The Black Dahlia Files – Book Review
by: Wolfe, Donald H.
Publisher: ReganBooks (HapperCollinsPublishers)
Copyright: 2005, ISBN: 
Cover: Richard Ljoenes
reviewed by: Lynard Barnes. March 21,2006
Summary: Highly Recommended. This crime book captures the atmosphere and feel of the times.
Who killed Elizabeth Short, aka, The Black Dahlia? Her mutilated and severed body was discovered in a vacant lot in Los Angeles on 15 January 1947. There have been two recent popular books purportedly solving the mystery of her death. The BLACK DAHLIA AVENGER (see TG review 5 May 2003), by Steve Hodel had portents of being a definitive work. Hodel after all was a former Los Angeles cop. Unfortunately, Hodel blamed the death of Elizabeth Short on his father. Nothing in his work supported the contention. Since publications, plenty of holes have been shot through his assertion and even some of the “facts” he reported.
Prior to Hodel there was Janice Knowlton’s “DADDY WAS THE BLACK DAHLIA KILLER” (Pocket Books, 1995) which again blamed the author’s father for Short’s death. Not having read this “daddy-did-it” book, it is impossible to comment on the particulars. However, others have. Like Hodel’s book, Knowlton’s work has suffered under close scrutiny.
Donald Wolfe points out that the Hodel and Knowlton books (as well as John Gilmore’s SEVERED: THE TRUE STORY OF THE BLACK DAHLIA MURDER, and Mary Pacios’ CHILDHOOD SHADOWS: THE HIDDEN STORY OF THE BLACK DAHLIA MURDER) were written before Los Angeles District Attorney Steve Cooley established an archive of “historic twentieth century crime investigations”. The Black Dahlia investigation was included in the archive along with a list of all the suspects compiled by the police at the time. Many of the “inventions” previous authors used in examining the Short murder are exposed as inventions. What was not included in the Black Dahlia archive was an autopsy report. It has never been released to the public. The report apparently no longer exists. That autopsy report just might go a long way in solving a mystery within the mystery surrounding Short’s murder. Without it, speculation reigns.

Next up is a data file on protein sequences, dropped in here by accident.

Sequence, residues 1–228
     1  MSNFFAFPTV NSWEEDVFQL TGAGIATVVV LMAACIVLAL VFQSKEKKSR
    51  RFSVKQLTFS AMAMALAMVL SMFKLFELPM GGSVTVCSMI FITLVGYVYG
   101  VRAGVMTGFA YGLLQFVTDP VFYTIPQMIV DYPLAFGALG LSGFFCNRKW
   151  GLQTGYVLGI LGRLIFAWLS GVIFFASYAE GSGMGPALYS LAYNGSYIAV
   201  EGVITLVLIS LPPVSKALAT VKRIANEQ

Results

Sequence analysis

And now we have THE BLACK DAHLIA FILES by Donald H. Wolfe.
From the get-go, Wolfe’s book shares one exotic characteristic with the other two popular books on this subject: he had personal, first-hand information about the circumstances surrounding the killing of Elizabeth Short. It is the six degrees of separation thing–he knew somebody who knew somebody. While the relationship is not central to his “solution” of the crime and he does weave it into the story in a credible manner, it is still an oddity. Why do the people who write about Elizabeth Short have a personal stake in the sequence of events leading to her death? It is a question with an answer. Maybe it is a question with multiple answers, but it is for another time.
Whatever the final consensus regarding Wolfe’s “solution” to the Black Dahlia murder, he can not be denied accolades for his writing and for bringing an era alive. His fleeting descriptions of Los Angeles in the 1940s is like a film noir, evoking memories of scenes from movies of the same era. But the scenes here are alive with people with competing interests. Specifically, newspaper vendors and reporters, doctors, police and mobsters.
The CBS program 48 HOURS is based on the premise that if a murder is not solved within forty-eight hours, the chances of it ever being solved are reduced geometrically. There is an obverse corollary that is also valid: within the first hours or days of a murder investigation, the murderer will have been included in the list of possible perpetrators. One step beyond that is the six-degrees of separation scenario–someone on the list of suspects knows or had contact with the actual perpetrator. Any examination of a cold-cold case like the Short investigation must stick close to the facts of the case as produced by the police to be a credible examination. Wolfe’s THE BLACK DAHLIA FILES manages to do this.